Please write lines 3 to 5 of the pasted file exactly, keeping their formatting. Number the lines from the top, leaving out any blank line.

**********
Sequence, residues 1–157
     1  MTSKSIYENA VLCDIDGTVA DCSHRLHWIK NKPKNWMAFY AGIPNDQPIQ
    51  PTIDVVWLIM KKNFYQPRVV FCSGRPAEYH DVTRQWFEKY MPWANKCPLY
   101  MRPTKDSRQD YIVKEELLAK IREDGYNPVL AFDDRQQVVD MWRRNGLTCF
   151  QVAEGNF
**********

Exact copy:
    51  PTIDVVWLIM KKNFYQPRVV FCSGRPAEYH DVTRQWFEKY MPWANKCPLY
   101  MRPTKDSRQD YIVKEELLAK IREDGYNPVL AFDDRQQVVD MWRRNGLTCF
   151  QVAEGNF